Ellen Douglas

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Ellen Douglas was the pen name of Josephine Ayres Haxton (July 12, 1921 – November 7, 2012), an American author.[1] Her 1973 novel Apostles of Light was a National Book Award nominee.


Douglas was born in Natchez, Mississippi and grew up in Hope, Arkansas, and Alexandria, Louisiana. She graduated from the University of Mississippi in 1942.[2] She later taught writing there. She adopted the pen name Ellen Douglas before the publication of A Family’s Affairs to protect the privacy of two aunts, on whose lives she had based much of the plot.[3]

Douglas died of heart failure at the age of 91 on November 7, 2012.[4]

Margalit Fox writes that Douglas's work "explored the epochal divide between the Old South and the New, examining vast, difficult subjects — race relations, tensions between the sexes, the conflict between the needs of the individual and those of the community — through the small, clear prism of domestic life."[3]

Selected bibliography[edit]

Novels and stories[edit]

  • A Family's Affairs (1961)
  • Black Cloud, White Cloud: Two Novellas and Two Stories (1963)
  • "On the Lake," in Prize Stories 1963 (1963)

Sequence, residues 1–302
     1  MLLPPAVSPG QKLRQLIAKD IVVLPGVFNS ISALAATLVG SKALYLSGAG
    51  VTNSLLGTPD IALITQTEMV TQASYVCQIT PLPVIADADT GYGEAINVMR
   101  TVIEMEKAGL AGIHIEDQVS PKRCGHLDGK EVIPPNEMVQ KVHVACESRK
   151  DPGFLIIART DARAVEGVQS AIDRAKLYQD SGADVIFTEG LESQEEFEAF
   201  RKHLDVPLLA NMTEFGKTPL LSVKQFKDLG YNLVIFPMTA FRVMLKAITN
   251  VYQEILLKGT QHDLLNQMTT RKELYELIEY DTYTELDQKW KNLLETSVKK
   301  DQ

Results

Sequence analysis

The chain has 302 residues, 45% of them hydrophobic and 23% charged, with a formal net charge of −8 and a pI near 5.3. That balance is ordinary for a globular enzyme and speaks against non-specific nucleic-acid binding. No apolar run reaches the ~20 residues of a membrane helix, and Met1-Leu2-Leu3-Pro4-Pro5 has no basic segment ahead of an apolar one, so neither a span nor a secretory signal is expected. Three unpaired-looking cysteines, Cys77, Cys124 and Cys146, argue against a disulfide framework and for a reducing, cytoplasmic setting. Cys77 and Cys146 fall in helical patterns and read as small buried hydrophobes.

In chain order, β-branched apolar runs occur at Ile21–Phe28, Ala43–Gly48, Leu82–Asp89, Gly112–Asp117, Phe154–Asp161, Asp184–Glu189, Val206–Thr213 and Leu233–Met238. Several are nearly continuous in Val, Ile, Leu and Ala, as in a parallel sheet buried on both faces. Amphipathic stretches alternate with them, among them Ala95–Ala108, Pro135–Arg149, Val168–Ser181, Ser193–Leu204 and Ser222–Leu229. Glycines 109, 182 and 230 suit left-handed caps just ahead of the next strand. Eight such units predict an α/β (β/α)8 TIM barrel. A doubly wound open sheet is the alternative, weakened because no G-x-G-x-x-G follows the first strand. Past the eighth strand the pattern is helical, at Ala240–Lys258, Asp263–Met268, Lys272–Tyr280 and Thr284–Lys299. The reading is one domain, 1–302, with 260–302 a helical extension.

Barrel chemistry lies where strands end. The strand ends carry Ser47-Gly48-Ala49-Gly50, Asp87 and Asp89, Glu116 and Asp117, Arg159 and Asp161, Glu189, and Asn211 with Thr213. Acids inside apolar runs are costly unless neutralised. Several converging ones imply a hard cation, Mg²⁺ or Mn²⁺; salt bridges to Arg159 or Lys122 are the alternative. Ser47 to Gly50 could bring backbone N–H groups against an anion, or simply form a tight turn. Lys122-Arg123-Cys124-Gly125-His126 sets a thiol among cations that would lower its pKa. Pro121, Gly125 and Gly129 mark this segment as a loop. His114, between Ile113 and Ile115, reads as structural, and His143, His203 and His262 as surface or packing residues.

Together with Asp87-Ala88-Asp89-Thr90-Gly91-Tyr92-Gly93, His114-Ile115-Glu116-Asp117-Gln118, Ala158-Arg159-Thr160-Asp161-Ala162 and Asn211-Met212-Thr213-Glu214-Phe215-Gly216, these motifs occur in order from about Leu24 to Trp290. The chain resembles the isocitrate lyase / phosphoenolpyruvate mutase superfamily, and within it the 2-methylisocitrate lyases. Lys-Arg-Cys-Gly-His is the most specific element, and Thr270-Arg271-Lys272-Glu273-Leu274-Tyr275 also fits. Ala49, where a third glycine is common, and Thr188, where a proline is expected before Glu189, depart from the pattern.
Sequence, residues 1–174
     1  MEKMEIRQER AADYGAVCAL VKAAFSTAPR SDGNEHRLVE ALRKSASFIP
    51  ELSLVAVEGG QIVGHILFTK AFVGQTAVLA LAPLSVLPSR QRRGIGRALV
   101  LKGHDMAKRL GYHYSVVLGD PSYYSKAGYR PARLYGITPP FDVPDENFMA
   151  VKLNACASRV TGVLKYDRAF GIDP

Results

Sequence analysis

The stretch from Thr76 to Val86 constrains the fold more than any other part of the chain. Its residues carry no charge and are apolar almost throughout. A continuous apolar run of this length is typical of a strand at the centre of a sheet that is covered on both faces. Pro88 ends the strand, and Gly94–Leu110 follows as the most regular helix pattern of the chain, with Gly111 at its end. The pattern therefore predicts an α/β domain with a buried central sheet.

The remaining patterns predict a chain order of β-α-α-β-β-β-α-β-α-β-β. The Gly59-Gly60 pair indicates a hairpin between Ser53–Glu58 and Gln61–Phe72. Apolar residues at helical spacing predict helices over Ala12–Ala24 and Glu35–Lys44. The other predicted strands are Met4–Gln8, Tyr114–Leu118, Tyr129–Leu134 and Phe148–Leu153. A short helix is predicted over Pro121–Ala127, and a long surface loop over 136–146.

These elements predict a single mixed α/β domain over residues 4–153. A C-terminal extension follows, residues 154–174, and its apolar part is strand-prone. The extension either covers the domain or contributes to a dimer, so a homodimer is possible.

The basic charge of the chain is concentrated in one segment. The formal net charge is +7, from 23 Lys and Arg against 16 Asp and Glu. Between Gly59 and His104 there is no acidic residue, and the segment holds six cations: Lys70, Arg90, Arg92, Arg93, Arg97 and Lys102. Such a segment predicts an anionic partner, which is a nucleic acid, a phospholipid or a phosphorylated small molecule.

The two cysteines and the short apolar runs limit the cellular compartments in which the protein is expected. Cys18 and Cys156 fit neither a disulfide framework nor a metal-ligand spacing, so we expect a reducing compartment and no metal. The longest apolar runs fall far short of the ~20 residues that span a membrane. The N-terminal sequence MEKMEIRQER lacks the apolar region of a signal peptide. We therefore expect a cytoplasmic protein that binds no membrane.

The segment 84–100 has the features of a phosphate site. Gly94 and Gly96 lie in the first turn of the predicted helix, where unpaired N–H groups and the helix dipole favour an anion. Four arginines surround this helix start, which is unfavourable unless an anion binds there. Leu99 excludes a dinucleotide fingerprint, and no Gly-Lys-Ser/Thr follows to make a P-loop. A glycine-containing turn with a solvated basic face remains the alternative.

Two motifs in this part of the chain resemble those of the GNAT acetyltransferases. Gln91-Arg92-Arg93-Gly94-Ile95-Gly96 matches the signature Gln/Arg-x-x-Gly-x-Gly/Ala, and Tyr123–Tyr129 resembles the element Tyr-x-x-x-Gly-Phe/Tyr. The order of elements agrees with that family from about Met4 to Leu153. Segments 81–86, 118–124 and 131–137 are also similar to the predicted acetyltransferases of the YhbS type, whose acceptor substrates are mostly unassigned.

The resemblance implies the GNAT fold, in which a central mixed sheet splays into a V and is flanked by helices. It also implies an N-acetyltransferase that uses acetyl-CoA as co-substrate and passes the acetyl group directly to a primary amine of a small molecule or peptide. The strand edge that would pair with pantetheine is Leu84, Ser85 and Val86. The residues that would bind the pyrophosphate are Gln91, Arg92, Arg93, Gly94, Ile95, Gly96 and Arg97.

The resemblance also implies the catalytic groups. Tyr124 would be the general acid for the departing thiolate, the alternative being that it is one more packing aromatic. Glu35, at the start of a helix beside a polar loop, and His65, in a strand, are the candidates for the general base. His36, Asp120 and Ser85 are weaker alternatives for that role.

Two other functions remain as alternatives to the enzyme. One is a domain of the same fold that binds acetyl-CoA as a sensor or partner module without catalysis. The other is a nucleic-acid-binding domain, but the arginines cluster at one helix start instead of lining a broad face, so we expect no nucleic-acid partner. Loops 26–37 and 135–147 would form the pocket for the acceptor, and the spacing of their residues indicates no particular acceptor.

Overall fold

• Where The Dreams Cross (1968)
  • Apostles of Light (Houghton Mifflin 1973)
  • The Rock Cried Out (1979)
  • A Lifetime Burning (Random House 1982)
  • A Long Night (1986)
  • The Magic Carpet and Other Tales (1987)
  • Can't Quit You, Baby (Scribner 1988)



  1. ^ Paterson, Judith (July 10, 1988). Southern Discomforts. Washington Post
  2. ^ Associated Press (June 9, 2008). Author Ellen Douglas to be honored. USA Today
  3. ^ a b "Ellen Douglas, Novelist of Southern Life, Dies at 91". New York Times. November 12, 2012. Retrieved July 8, 2015. 
  4. ^ "Miss. author Ellen Douglas dies at 91; was National Book Award nominee for Apostles of Light". The Washington Post. November 8, 2012. Retrieved November 8, 2012. 

External links[edit]